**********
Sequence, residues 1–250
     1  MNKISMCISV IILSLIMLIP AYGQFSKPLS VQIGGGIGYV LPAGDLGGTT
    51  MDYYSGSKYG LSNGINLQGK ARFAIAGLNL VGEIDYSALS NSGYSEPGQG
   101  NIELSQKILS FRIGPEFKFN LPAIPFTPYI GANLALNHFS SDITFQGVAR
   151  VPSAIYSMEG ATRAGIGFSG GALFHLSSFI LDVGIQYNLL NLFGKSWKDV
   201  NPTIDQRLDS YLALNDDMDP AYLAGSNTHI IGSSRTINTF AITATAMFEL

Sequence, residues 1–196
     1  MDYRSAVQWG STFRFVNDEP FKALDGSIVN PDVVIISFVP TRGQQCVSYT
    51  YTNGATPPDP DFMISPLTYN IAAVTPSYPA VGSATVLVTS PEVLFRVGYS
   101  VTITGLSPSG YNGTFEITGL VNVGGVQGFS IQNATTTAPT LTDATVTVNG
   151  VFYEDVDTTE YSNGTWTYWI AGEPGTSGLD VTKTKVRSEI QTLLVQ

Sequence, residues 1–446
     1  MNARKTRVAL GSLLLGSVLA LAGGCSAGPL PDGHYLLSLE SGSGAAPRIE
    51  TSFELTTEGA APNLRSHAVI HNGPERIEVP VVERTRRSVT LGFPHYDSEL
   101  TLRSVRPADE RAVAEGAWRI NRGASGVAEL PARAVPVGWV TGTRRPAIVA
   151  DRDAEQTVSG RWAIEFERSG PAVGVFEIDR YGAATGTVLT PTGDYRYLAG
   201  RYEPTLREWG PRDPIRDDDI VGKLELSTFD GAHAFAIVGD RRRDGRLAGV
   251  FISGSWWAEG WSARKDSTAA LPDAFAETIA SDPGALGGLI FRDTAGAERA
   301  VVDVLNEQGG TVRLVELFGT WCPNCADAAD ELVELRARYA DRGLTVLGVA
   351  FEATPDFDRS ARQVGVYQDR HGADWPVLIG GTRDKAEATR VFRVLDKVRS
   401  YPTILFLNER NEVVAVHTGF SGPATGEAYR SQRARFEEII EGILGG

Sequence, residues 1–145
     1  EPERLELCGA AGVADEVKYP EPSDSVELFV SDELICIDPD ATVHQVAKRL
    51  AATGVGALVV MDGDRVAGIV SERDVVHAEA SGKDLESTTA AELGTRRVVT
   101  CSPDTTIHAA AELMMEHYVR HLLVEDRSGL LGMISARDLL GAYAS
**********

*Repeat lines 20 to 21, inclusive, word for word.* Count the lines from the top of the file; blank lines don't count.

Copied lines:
   351  FEATPDFDRS ARQVGVYQDR HGADWPVLIG GTRDKAEATR VFRVLDKVRS
   401  YPTILFLNER NEVVAVHTGF SGPATGEAYR SQRARFEEII EGILGG